I remember the look in his eyes: typical deer in the headlights. But that man stared at me, stared at the pack of cigarettes and  pretended to be shocked. “Those aren’t mine,” he said.

My mouth dropped open. “These are not your cigarettes?” I repeated stupidly.

He shook his head firmly. “Nope. I don’t’ know where you got them, but they’re not mine.”

“They were in your jacket pocket.”

Silence.  Then the man shrugged and gave up. “OK.” He paused. “Sorry.”

Yep. Like father, like son.

Let’s talk writing lies. I always have my heroine lie about her feelings for the hero. Same with the hero to the heroine. My absolute favorite part of a book is the moment each of them realizes they are in love. It’s such a “Come to Jesus” moment. Sometimes, it’s as simple as having her heart leap when she sees the hero in a vulnerable moment. Other times, the hero needs to sacrifice something big in order for her defenses to crumble. And having men fall is even more fun –  they love pretending it’s just sex and no emotion so the punch is even greater. Lying is important to character growth and causes inner conflict. Sometimes outer conflict.

Personally, I don’t think all lying is necessarily bad, so I am a hypocrite. When my husband bounced a check and told me about the large service fees charged to our account, I ripped him up and down and sideways. For days, I groaned about the money we had thrown away because of his error. The next month, I bounced my own check and received two fat service fees.

I never breathed a word.

In my mind, some truths do not need to be stated, for a person’s survival. In my mind, sometimes not saying anything really isn’t a lie.

But this is a sticky subject. I’m not talking about lying in regards to cheating on a spouse, murdering someone, or causing anyone harm. I’m talking about the little lies that make up our daily life and soothe our stress. Lies of denial, lies of omission, lies for survival.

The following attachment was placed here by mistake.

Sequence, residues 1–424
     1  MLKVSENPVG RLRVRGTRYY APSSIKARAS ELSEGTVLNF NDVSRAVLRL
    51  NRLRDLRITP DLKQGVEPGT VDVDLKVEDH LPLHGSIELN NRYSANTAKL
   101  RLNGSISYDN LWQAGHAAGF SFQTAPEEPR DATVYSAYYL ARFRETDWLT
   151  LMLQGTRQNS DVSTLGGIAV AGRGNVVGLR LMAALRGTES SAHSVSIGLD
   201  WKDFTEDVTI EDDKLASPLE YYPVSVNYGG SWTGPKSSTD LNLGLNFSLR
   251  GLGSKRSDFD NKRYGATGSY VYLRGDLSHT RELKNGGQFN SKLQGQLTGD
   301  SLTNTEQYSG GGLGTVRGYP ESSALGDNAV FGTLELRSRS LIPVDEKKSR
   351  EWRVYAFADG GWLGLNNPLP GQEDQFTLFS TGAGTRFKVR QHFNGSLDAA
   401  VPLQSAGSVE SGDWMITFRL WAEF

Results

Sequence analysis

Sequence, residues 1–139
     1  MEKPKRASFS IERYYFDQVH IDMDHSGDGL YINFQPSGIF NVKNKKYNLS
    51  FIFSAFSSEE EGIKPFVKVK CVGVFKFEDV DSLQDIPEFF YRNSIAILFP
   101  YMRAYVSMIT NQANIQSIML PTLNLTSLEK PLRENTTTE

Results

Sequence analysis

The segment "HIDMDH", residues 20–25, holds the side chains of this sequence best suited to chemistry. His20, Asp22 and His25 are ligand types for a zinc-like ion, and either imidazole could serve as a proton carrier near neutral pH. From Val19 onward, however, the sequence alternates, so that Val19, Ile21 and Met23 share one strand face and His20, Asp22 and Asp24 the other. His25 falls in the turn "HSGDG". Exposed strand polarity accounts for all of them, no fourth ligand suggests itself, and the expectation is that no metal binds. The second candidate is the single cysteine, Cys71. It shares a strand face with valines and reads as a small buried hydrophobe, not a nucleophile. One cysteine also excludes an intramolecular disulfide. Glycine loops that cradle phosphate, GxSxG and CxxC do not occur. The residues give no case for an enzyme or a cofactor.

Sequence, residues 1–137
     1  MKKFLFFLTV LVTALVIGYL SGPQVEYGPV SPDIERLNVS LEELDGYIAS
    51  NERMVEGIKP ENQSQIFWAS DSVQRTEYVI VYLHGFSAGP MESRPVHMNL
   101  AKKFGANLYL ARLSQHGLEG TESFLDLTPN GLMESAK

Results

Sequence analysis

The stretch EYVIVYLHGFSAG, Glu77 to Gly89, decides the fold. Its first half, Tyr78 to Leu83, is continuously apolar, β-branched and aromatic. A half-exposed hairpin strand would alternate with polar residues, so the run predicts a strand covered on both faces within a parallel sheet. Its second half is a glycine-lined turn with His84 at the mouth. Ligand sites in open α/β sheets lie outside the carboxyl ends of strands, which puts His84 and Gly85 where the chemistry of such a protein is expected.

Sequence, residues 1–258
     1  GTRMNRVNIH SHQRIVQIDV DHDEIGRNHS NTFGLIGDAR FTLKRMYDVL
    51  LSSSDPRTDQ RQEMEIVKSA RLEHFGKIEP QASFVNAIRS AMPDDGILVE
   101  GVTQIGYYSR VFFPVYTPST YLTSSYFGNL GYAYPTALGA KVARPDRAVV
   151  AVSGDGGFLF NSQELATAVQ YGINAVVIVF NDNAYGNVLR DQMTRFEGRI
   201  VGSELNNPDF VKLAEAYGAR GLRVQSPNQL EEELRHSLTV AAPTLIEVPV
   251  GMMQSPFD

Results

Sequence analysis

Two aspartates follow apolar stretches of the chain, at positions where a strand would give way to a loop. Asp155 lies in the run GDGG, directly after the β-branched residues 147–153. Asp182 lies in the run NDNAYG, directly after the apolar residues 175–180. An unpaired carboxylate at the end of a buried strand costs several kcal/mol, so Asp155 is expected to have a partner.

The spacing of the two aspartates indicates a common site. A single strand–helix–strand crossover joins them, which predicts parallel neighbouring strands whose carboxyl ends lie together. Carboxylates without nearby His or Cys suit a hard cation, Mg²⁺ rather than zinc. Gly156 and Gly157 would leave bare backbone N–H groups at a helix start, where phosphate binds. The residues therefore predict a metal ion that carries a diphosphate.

A friend: “How do you like my new haircut?” “I love it.”

A spouse. “Was it good for you tonight, baby?”“Absolutely.

A boss. “Did you finish that report?” “I’m almost done – you’ll have it within the hour.”

A creditor. “Did you mail the check?” “Yes, the check went out in today’s mail.”

A relative. “Did you like the shirt I bought for Jake?” “He’s wearing it now.”

A child. “Mommy, is there really such a thing as Santa Clause.” “Yes, honey, I promise you Santa Clause is real.”

You decide.

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  1. Wendy Marcus says:

    Heavy topic, but presented in a most entertaining way. When my children were young I had a zero lying policy, because they couldn’t yet identify the difference between a bad lie and an acceptable lie. My older two children don’t lie well. I can always tell. My youngest does it with ease, and about the most unimportant things.

  2. How I remember those days and I also remember my oldest son telling me that I lie all the time because I’m writing stories about things that never happened. I think all my children learned to lie when it meant for them some kind of survival. Janet

  3. Amy says:

    Wow, dinner at your house sounds a lot like mine! My pickiest eater is now sixteen and she pretty much makes her own meals now. Try as I might, I never could get her to expand her tiny repertoire of acceptable foods. Of course, I had plenty of people telling me what I was doing wrong. When she was seven, she traveled with me and my husband to pick up our daughter in China. Emily went FIVE days without eating a thing. Which I thought pretty much blew everyone’s theory that “hey, if you just let her get hungry enough, she’ll eat.”

    Hmmm, those little white lies are kinda important, I think. Especially ones like “you look great in that bathing suit, hon!”

    Hope you’re doing well!


    • jennifer121 says:

      HI Amy,
      You always make me feel better! Dinner is always a challenge – Jake eats nothing and can pick out a vegetable no matter how well it is hidden.
      As for the white lies, please God let them tell me I look good in a bathing suit…I dont’ want to hear the truth!! Hope you are doing well with your revisions!

  4. Yolanda says:

    This reminds me of my friends small children who are brutally honest, except for when they’re about to get in trouble. And you’re right – lying and getting caught = conflict.